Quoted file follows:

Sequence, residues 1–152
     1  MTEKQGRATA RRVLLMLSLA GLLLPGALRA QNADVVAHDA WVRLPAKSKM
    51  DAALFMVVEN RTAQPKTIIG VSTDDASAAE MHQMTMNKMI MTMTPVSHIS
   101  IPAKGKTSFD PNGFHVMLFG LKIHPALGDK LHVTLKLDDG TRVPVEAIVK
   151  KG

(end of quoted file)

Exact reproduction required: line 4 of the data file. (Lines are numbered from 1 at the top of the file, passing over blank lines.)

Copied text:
   101  IPAKGKTSFD PNGFHVMLFG LKIHPALGDK LHVTLKLDDG TRVPVEAIVK